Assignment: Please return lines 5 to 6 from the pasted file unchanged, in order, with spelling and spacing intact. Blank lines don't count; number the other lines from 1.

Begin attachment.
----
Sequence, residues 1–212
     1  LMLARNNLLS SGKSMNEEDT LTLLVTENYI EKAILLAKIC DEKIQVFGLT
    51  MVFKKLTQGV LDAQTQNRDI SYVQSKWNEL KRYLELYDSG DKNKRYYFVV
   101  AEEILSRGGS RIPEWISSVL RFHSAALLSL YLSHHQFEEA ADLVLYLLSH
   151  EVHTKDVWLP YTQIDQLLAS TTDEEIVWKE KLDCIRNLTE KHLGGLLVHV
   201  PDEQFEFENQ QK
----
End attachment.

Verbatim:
   151  EVHTKDVWLP YTQIDQLLAS TTDEEIVWKE KLDCIRNLTE KHLGGLLVHV
   201  PDEQFEFENQ QK